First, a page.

Mary Chesnut Civil War Diary Analysis

1708 Words7 Pages
Mary Boykin Chesnut was a prominent member of the upper-class society in the South during the Civil War. She was married to James Chesnut, the general of the South Carolina reserves. Mary Chesnut is the author of her Civil War diary which details the society of Southerners during the war. She had access to a great deal of information through her husband, and she relays this information through her diary. Mary Chesnut’s diary gives insight into pivotal events during the war and details her own opinions about the Civil War. Throughout her diary, Mary Chesnut details the upper-class society in the South, documents the divisions between Southerners during the war, and questions many of the beliefs of Southerners. Mary Chesnut was a prominent member of the upper-class society in the South.…show more content…
Chesnut then went on to say how the woman deserved this remark said to her. In the same excerpt from A Diary from Dixie, she said that Mrs. Davis was not fond of her husband becoming president of the war. It is believed that she felt this way because people were hard to please and especially hard to please during the Civil War. Chesnut’s relationship with Mrs. Davis gave insight into Mrs. Davis as a person, instead of a name connected to a man. It proves that Mrs. Davis was more than the wife of the Confederate president and that she was an important member of their upper-class society. Another notable member of society Mary Chesnut had a friendship with is the politician Clement Clay. She mentioned him, and the events occurring around him, in her diary. The most important time that Chesnut recorded Clay was when he heard the news that General Lee, the commander in charge of the Confederate army, had surrendered. “Just now, when Mr. Clay dashed upstairs, pale as a sheet, saying, ‘General Lee has capitulated,’ I saw it reflected in Mary Darby 's face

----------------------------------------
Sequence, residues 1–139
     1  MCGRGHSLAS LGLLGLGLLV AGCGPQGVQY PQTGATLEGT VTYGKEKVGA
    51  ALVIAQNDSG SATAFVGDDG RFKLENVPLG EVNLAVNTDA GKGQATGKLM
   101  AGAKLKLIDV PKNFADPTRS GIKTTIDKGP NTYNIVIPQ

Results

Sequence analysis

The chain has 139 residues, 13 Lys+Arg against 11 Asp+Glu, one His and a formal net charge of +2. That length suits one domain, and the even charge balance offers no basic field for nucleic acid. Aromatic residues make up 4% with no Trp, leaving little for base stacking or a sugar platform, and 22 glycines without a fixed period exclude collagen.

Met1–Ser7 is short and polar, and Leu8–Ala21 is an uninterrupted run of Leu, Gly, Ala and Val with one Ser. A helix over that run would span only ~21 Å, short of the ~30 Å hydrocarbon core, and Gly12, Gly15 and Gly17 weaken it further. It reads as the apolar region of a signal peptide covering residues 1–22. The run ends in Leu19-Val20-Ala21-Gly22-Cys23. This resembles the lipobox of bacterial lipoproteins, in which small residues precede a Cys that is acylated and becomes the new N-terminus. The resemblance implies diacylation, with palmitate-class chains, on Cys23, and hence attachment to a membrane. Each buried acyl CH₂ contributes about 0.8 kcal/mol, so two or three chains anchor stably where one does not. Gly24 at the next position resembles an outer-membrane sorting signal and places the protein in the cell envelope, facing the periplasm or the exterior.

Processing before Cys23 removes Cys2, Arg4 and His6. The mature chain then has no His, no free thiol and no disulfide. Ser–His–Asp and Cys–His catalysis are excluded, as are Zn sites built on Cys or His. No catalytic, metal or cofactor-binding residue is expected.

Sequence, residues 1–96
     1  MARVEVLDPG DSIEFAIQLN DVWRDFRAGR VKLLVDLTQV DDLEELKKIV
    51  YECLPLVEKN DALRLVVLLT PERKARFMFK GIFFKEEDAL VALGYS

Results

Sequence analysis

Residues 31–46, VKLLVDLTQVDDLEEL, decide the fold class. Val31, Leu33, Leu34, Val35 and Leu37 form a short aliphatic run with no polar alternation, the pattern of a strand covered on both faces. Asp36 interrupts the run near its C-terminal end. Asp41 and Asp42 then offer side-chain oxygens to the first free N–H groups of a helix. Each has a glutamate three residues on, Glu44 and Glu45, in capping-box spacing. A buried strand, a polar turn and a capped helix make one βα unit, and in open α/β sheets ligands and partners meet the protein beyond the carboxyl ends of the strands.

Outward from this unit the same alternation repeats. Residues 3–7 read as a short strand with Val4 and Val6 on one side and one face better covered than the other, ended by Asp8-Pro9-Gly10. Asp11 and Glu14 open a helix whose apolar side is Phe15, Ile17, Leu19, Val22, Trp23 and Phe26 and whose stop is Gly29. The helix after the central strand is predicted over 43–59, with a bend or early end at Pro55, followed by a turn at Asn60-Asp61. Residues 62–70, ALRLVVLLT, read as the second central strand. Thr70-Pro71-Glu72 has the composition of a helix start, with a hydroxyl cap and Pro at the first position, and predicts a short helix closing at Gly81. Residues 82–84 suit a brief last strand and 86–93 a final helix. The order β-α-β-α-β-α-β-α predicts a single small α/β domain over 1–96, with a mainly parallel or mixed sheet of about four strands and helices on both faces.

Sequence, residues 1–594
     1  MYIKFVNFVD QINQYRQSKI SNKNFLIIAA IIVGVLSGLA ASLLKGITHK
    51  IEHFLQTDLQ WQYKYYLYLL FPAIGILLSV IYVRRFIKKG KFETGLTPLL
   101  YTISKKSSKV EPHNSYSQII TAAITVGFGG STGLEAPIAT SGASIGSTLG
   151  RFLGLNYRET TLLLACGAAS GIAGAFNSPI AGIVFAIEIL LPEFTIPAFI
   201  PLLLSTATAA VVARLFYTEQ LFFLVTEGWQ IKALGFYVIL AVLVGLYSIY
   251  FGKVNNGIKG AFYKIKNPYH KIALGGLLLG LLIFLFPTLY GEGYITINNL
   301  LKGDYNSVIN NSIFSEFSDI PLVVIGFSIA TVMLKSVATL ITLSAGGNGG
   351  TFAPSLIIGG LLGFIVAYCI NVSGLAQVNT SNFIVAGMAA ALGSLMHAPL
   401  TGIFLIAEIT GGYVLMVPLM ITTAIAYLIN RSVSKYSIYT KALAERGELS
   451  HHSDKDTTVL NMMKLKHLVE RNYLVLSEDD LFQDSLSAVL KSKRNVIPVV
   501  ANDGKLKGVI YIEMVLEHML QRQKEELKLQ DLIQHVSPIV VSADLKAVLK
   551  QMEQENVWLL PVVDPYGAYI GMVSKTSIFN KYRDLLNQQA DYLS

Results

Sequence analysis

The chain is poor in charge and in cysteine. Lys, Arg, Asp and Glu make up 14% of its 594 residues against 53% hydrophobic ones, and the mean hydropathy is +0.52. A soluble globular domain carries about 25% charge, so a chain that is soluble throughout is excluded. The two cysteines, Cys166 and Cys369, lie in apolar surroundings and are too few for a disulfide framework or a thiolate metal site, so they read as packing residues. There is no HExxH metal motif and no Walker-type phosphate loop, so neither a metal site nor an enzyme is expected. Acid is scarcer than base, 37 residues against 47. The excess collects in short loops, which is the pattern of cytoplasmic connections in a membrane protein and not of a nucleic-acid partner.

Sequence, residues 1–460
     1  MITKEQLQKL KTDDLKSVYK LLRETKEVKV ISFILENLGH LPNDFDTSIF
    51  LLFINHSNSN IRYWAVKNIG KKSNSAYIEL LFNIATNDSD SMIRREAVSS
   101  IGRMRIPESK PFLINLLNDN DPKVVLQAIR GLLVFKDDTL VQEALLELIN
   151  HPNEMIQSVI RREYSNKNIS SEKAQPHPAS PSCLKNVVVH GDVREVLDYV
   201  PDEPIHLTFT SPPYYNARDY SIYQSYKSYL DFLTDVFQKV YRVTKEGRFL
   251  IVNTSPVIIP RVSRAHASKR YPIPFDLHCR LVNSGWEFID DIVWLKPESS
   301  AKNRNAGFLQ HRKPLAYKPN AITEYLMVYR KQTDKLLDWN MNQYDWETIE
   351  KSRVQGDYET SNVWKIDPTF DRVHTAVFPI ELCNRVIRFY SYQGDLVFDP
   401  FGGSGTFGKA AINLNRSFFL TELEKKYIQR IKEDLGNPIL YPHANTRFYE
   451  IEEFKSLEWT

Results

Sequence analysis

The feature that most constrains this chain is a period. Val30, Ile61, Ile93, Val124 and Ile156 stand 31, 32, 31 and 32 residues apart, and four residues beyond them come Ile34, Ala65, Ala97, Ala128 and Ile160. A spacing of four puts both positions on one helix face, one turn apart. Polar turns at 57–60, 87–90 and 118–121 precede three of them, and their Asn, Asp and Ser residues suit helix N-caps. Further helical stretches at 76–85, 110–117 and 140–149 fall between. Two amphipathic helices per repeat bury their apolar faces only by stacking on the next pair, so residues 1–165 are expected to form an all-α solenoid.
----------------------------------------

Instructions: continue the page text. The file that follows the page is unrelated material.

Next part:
Open Document